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Pop Singer Tori Kelly's 'Unbreakable Smile' Keeps Her Optimistic

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Pop Singer Tori Kelly's 'Unbreakable Smile' Keeps Her Optimistic

Music Interviews

Pop Singer Tori Kelly's 'Unbreakable Smile' Keeps Her Optimistic

Pop Singer Tori Kelly's 'Unbreakable Smile' Keeps Her Optimistic

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  • <iframe src="https://www.npr.org/player/embed/416857097/417192144" width="100%" height="290" frameborder="0" scrolling="no" title="NPR embedded audio player">
  • Transcript

Pop singer Tori Kelly, whose debut album is called Unbreakable Smile, stopped by the NPR studios to perform music from the album and talk about growing up in the industry. Lydia Thompson/NPR hide caption

toggle caption Lydia Thompson/NPR

Pop singer Tori Kelly, whose debut album is called Unbreakable Smile, stopped by the NPR studios to perform music from the album and talk about growing up in the industry.

Lydia Thompson/NPR

Singer Tori Kelly is an unapologetic optimist about love, her image and her music. At the ripe old age of 22, she's been at the edges of the music business for a long time. She started singing when she was just 3 years old, and at age 11, she took her powerful, mature voice on the TV show America's Most Talented Kid — and won.

After a brief stint on American Idol in her teens, she created her own million-strong fanbase on YouTube. Now, Kelly is plunging into the big time with her debut album, Unbreakable Smile.

Kelly stopped by NPR's Washington, D.C., studios to perform music from Unbreakable Smile live, and she spoke with host Rachel Martin about her changing relationship with music and confidence.

Interview Highlights

On starting her singing career at such a young age

I had a lot of stage fright. My first competition, I guess singing-wise, I was six-years-old, I'm like stick straight not moving at all, and I'm just singing. I think as a kid, it's interesting because there's nothing around your life. You can literally just be in this bubble like, "I love music. I just want to sing." And so as I got older, that's when the fear started to creep in because now you have other people's opinions to worry about. You have this whole world out there where it's like, "Whoa, I don't know if I'm ready." So I think I've kind of come full circle and tried to channel that little girl again who just wants to sing.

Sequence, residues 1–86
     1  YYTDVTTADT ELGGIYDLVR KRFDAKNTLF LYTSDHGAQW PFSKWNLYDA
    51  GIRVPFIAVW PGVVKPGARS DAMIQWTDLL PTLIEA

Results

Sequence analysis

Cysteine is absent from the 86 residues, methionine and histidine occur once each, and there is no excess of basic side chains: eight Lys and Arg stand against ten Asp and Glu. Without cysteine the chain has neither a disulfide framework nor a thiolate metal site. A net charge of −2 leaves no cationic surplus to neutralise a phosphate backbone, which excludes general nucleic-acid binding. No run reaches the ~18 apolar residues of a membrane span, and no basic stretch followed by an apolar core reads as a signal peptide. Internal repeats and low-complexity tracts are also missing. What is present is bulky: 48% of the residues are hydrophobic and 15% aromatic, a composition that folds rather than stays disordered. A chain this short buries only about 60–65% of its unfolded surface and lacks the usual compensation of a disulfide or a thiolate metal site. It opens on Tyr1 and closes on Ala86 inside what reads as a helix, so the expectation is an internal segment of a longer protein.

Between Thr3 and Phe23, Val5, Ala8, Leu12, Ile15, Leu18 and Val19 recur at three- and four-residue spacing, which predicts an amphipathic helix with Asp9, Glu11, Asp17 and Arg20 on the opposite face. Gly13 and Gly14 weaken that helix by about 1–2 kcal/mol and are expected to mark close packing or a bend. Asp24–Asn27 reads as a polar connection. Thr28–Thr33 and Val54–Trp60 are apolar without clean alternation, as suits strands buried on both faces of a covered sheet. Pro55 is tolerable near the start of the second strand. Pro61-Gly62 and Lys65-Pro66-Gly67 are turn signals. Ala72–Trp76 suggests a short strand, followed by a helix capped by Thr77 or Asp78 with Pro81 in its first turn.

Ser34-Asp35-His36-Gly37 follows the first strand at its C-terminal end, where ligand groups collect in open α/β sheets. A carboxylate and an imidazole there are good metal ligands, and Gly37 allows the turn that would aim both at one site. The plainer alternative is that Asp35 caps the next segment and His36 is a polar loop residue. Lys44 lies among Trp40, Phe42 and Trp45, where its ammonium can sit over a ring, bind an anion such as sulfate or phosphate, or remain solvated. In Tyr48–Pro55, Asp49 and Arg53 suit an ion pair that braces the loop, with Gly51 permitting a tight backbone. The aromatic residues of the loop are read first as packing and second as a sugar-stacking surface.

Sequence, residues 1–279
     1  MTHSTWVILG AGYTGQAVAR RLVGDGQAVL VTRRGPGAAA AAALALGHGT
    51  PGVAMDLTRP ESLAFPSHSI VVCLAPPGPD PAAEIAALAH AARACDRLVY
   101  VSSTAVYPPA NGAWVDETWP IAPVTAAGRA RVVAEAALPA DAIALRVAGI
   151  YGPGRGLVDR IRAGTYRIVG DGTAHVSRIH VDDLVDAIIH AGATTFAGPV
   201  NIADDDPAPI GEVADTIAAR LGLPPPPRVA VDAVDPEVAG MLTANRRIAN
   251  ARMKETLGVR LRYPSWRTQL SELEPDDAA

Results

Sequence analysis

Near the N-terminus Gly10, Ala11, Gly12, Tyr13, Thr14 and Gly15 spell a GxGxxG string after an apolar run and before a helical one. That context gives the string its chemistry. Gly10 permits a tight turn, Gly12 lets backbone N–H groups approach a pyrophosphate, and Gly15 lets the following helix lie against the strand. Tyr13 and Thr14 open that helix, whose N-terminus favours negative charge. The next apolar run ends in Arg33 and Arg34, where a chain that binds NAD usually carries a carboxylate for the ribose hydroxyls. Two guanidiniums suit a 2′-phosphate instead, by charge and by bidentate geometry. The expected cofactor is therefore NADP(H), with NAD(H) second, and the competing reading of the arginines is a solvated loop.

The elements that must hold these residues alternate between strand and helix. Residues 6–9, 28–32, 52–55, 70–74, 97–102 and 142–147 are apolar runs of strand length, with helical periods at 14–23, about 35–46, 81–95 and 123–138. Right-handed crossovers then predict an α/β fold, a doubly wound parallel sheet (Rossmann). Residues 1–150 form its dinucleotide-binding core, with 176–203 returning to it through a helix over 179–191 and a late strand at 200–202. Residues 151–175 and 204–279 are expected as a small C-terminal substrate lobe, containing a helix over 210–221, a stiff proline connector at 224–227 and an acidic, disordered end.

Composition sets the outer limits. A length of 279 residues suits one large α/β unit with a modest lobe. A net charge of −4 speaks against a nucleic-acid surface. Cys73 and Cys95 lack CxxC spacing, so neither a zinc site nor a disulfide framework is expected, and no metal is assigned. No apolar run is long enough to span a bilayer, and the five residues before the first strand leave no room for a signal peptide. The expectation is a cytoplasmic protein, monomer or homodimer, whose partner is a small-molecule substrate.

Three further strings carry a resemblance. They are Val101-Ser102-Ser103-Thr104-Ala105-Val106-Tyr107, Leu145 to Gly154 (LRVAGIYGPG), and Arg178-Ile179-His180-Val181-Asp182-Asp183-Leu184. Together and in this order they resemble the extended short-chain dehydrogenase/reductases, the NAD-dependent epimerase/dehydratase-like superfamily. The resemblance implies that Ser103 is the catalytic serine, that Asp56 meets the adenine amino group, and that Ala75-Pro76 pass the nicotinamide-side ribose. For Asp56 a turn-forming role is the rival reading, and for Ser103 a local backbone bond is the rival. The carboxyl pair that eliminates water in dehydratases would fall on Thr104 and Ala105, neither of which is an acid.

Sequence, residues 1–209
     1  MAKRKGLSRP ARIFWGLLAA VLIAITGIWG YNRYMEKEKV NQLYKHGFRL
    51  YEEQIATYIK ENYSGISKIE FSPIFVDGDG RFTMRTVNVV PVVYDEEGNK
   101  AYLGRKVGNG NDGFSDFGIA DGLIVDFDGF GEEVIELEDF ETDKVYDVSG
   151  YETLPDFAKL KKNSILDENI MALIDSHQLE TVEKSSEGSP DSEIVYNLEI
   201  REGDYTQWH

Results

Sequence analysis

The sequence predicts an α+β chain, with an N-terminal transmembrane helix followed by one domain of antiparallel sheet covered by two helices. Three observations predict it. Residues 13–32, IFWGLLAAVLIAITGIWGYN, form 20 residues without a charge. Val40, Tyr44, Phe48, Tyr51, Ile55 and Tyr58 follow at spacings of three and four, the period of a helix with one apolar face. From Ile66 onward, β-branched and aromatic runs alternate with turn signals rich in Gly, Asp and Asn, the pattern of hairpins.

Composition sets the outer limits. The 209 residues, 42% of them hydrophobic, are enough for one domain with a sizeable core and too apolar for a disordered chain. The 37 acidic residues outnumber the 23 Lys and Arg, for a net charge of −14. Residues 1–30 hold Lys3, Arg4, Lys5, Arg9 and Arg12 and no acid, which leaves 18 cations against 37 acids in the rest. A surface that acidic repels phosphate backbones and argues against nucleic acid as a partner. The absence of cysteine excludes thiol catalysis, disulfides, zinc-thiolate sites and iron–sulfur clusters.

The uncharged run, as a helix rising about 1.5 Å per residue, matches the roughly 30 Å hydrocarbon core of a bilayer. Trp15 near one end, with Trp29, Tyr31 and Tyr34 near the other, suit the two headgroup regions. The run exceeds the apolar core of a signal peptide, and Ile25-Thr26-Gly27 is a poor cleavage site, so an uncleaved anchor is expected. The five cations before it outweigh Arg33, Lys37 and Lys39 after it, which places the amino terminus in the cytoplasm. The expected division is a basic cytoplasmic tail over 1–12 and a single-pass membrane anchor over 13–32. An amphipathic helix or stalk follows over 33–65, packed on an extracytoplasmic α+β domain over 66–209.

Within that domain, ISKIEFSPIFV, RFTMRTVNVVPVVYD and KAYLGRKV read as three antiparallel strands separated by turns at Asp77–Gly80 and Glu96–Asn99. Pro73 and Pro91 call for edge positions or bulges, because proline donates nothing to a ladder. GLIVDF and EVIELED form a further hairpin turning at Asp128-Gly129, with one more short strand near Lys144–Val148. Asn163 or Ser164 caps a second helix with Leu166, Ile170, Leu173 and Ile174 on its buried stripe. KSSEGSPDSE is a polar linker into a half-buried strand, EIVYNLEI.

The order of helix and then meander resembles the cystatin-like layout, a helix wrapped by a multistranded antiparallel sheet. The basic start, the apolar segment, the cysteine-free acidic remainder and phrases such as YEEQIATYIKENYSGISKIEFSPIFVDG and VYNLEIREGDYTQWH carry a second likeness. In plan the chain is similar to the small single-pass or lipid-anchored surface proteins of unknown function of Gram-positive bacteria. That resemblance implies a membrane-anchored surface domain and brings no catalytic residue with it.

On the inspiration for the title track

I didn't know what I was going to say yet on the album. I was kind of just blank. My team kind of sat me down and they started telling me these things that they had heard within the industry. Stuff like, "She's a little too plain, a little too boring. ... Too nice even." I was acting like it didn't faze me at all. That same night when I got home, all of these lyrics started flowing out, like out of nowhere. And I think I was holding in a lot of that for a long time, and once I finished that song I felt like this huge weight was lifted off of my shoulders.

On the pressure she felt from within the industry

When I was in the label scene very young, things weren't really working out with the label, and we were thinking about leaving. I remember one of the last meetings, I walked in, and I'll never forget, there were music videos playing on the screens of just different female artists who were a little bit more revealing in their choice of clothing. And I was so confused as a 12, 13-year-old walking in. I was like, "What? Is this like what he wants me to do? Like I don't know what this is about." I remember that being the moment where I was like, "OK, this doesn't feel right." And looking back on that I'm glad that everything worked out to where I can now sing about those things and be like, "I don't have to be that person." I can take my time with who I am and keep my clothes on. You know, do what feels comfortable for me, and people will still like it. The goal is to inspire as many people as I can.

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